Sitting in a classroom, it is unusual and unexpected to have the impact to make a
difference in the world. An international business course at the Tobin College of Business
does just that, though.
The lecture, provided by Dr. Linda Sama, motivates and encourages students to be the
change they wish to see across the world and, in this case, act as social entrepreneurs.
The Global Loan Opportunities for Budding Entrepreneurs, or the ‘GLOBE’ program,
develops plans on a weekly basis to enable those living in impoverished conditions to
achieve their dreams.
Catherine Sims, a 2014 alumnus, claims her experience with the program to be a
The program inspired her to become a social entrepreneur, she said.
“[GLOBE] forced me to think outside of the box and work with people from different
backgrounds to come up with solutions,” Sims said.
The program was founded to help these types of people. Most of the loan applicants are
women because they have problems receiving funding opportunities, Falligan said.
GLOBE addresses the critical benefits of microfinancing in the world of microfinance.
Michael Falligan, who manages the Finance, Budgets and Risk Assessment team, explains
the important details of microfinance.
“The [practice] of microfinance is to provide opportunities and loans to people who can’t
get them from a regular bank,” Falligan said.
GLOBE has adpoted this practice of microfinance. The student-managed program
provides financial services to the international community. Kenya, the Democratic Republic
of Congo, Kenya, Vietnam and Nicaragua are frequent lending countries for GLOBE.
“We go to Nicaragua each year to visit with the area and see if there are any more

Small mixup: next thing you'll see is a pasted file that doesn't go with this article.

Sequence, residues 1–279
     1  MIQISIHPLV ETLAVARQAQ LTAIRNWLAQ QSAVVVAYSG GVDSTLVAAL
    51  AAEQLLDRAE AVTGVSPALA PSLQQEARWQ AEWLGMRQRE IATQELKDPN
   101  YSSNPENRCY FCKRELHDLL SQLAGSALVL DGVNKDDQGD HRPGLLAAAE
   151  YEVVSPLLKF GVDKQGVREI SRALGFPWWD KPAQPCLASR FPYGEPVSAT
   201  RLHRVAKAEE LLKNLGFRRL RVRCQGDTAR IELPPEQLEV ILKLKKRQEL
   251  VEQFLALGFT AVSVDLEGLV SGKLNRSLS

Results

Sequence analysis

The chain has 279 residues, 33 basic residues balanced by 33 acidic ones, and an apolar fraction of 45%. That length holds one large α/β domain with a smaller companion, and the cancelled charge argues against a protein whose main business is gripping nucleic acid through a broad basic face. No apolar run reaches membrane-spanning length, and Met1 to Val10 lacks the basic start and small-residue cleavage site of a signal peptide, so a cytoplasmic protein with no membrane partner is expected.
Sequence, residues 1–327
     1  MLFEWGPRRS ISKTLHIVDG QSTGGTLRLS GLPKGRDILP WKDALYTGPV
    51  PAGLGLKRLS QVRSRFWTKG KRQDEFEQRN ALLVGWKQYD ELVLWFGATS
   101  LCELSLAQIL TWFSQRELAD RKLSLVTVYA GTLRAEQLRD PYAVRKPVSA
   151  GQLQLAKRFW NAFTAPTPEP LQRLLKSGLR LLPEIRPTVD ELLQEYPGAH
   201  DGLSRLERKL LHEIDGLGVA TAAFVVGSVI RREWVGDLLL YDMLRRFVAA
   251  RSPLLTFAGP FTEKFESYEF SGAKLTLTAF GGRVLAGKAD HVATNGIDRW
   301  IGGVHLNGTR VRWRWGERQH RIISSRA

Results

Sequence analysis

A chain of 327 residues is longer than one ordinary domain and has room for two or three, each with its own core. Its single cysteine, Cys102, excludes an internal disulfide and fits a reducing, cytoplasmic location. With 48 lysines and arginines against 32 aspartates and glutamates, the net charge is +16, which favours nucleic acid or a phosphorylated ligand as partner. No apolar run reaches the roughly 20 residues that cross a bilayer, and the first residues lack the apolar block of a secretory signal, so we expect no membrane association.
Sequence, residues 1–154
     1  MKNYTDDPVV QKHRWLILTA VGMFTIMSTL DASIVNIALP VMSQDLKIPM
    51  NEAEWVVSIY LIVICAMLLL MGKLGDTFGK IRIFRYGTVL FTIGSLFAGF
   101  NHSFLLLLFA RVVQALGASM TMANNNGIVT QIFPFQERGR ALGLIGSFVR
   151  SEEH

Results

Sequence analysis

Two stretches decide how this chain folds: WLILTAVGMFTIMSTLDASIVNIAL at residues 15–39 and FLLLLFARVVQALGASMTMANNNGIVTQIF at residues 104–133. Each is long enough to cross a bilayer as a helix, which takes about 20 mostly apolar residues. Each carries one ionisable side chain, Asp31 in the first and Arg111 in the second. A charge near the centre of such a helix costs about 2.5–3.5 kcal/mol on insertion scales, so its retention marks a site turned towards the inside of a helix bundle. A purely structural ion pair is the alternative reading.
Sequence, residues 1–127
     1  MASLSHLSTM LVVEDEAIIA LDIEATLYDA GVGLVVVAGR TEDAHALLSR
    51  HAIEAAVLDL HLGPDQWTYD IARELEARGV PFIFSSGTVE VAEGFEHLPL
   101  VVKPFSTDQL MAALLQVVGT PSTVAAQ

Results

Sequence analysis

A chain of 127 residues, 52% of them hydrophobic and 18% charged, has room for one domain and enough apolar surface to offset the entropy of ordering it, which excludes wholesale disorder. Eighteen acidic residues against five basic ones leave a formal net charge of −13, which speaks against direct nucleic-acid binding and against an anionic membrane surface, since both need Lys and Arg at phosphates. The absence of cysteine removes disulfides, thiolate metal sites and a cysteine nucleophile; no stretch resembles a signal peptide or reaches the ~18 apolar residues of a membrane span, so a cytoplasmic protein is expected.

resources we can provide,” Falligan said.
GLOBE visits these countries and provides workshops for entrepreneurs who are looking
for more information on how they could possibly start up their own business, Falligan said.
The majority of GLOBE’s recent loan requests came from Nicaragua since they visited the
country in May.
“The past few years we’ve visited Nicaragua but we try to go to every country that we do
[business with],” Falligan said.
The language barrier is a common issue when visiting these countries, so the foreign
language department helps translate those loans. Falligan credited Daniella Groezinger from
the Spanish department for translating all 13 of the Nicaragua loan requests.
Some of the more recent loan requests that GLOBE has received came from Vietnam;
four loan requests in total. According to Falligan, his team had to look for outside sources
and found alumni of the program who were Vietnamese.
GLOBE partners with the Daughters of Charity, a Vincentian organization dedicated to
serving to the poor from all parts of the world.
The Daughters of Charity provide personal relationships with the aspiring entrepreurs
According to Falligan, they scout and contact the entrepreneurs’ initial requests and send
the worthy candidates to the GLOBE program.
“The Daughters of Charity are in the entrepreneurs’ area and they are like the community
outreach for the people in the area,” Falligan said. “They know these people personally and
can give solid recommendations.”
Falligan said the loans have an 85% return and defaults on the loans rarely occur.
GLOBE has provided loans to many aspiring entrepreneurs for purposes such as starting
a food truck or fixing a house.
“We approve them based on their potential to grow as a wbusinessperson and give them a
chance,” Falligan said.
GLOBE evaluates each request to understand what the loan will be going towards. They
have provided nearly 50 loans in the past five years.
“For my team, we can’t just plug numbers in a computer, we have to look at each
applicant, and see what they’re going through at the time,” Falligan said.
GLOBE gives people an opportunity to run their own businesses in the hopes of advancing
out of the confines in which poverty traps them with the extra financial assistance provided
For students like Sims, though, GLOBE provides an eye-opening experience that
acknowledges them of the povety in the global community, and that they can fix it.
“[GLOBE] changes us in a way that makes us more acutely aware not just of the problems
but the fact that we have the power to do something about it,” Sims said.